Pigeonpea is an important pulse crop grown by smallholder farmers in the semi-arid tropics. Most of the pigeonpea cultivars grown to date are selections from the landraces, with a narrow genetic base. With the expansion of the crop to newer areas, problems of local importance are to be addressed. Hence, an economically feasible and faster germplasm evaluation mechanism, such as a core collection, is required. This article describes the development of core collection from 12,153 pigeonpea accessions collected from 56 countries and maintained at ICRISAT, Patancheru, India.
The germplasm accessions from 56 countries were placed under 14 clusters based primarily on geographic origin. Data on 14 qualitative morphological traits were used for cluster formation by Wards method. From each cluster ≈10% accessions were randomly selected to constitute a core collection comprising 1290 accessions. Mean comparisons using NewmanKeuls test, variances comparisons by Levenes test, and comparison of frequency distribution by chi square test indicated that the core collection was similar to that of the entire collection for various traits and the genetic variability available in the entire collection is preserved in the core collection. The ShannonWeaver diversity index for different traits was also similar for both entire and core collection. All the important phenotypic associations between different traits available in the entire collection were preserved in the core collection.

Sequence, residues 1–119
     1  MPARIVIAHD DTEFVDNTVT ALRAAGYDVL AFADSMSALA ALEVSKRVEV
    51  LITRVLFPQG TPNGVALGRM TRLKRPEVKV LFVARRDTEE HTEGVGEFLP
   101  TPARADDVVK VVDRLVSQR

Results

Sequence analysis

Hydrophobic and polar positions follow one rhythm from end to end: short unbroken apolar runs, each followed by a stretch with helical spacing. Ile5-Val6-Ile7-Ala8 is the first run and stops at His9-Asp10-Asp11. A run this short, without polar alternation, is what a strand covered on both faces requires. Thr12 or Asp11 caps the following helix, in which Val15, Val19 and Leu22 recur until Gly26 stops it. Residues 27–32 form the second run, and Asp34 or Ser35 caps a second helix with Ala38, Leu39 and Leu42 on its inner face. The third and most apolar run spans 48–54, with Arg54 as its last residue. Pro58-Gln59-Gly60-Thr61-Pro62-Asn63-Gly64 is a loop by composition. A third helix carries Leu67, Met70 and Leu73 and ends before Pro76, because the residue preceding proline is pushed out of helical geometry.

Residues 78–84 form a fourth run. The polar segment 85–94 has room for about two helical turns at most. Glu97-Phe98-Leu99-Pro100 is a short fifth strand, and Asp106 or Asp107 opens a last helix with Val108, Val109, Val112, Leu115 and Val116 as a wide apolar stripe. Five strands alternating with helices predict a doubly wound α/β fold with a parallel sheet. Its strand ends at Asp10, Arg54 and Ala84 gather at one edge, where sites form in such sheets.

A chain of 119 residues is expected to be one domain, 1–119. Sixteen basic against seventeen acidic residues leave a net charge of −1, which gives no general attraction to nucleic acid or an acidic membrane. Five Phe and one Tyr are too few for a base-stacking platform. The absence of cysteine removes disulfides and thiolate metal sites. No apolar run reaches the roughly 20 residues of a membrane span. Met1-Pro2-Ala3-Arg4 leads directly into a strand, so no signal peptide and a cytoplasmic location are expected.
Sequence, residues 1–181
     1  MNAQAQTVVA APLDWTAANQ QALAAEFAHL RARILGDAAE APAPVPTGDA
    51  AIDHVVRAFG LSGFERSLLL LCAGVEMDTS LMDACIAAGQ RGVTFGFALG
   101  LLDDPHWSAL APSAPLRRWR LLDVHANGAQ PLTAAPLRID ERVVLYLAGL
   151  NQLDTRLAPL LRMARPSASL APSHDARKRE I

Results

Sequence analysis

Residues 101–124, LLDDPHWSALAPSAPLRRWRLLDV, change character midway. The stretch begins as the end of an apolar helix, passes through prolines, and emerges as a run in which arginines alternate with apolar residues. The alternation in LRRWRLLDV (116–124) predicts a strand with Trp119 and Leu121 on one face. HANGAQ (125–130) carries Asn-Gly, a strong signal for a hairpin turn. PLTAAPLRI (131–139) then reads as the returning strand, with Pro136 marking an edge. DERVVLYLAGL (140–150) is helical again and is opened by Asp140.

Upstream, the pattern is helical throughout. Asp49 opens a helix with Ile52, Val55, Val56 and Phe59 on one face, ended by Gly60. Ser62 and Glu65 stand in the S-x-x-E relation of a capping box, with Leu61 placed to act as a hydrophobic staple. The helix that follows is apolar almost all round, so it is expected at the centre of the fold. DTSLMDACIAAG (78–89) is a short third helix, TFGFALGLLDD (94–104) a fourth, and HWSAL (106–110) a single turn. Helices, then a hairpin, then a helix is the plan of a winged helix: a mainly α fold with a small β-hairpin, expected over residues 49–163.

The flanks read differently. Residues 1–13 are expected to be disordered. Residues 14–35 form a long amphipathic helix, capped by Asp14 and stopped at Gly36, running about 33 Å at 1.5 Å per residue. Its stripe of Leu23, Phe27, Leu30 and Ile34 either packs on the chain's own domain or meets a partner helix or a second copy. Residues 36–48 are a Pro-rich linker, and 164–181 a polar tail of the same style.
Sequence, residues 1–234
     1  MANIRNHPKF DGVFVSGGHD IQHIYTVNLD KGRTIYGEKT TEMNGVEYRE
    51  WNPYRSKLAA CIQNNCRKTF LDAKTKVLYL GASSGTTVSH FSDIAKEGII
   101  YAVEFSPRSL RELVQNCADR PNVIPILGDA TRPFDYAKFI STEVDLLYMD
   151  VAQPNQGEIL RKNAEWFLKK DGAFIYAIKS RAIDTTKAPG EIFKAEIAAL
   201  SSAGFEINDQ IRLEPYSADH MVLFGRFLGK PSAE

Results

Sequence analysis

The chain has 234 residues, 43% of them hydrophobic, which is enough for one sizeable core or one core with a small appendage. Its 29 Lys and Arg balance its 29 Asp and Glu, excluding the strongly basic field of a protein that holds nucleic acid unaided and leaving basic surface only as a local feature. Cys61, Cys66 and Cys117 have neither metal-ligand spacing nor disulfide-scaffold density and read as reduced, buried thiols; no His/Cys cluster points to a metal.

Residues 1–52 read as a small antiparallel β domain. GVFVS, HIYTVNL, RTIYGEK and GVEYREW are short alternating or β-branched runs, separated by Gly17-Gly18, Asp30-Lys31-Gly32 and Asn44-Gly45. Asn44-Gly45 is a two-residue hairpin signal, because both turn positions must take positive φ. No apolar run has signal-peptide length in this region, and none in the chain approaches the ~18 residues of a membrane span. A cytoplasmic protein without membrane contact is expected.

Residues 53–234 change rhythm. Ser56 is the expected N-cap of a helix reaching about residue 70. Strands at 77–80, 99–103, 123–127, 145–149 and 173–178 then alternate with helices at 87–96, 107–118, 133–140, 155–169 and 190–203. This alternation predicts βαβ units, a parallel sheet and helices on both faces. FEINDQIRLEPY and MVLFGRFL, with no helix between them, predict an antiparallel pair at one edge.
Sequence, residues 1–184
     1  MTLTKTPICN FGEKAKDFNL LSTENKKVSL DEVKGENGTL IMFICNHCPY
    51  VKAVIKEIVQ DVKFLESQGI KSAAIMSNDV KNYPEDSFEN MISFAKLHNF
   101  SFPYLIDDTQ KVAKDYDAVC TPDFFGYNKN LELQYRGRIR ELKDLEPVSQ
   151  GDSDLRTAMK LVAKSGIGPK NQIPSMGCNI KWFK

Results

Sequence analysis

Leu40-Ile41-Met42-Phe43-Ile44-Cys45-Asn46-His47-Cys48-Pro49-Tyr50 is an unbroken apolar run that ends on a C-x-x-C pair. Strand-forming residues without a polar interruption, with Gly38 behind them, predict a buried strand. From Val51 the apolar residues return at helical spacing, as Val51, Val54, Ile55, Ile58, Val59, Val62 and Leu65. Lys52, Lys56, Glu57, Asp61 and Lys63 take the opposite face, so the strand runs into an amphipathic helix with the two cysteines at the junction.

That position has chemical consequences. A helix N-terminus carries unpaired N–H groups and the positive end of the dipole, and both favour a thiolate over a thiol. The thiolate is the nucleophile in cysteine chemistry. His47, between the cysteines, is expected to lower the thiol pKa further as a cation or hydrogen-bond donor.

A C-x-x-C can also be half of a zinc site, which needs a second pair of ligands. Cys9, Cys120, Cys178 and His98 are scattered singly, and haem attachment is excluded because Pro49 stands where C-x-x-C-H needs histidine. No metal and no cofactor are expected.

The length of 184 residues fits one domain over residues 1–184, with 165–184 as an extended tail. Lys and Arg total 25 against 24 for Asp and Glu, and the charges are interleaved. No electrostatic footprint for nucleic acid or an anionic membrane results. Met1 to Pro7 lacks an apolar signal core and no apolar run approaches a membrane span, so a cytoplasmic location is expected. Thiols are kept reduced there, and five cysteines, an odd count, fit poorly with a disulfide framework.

The core collection constituted in the present study facilitates identification of useful traits economically and expeditiously for use in pigeonpea improvement.
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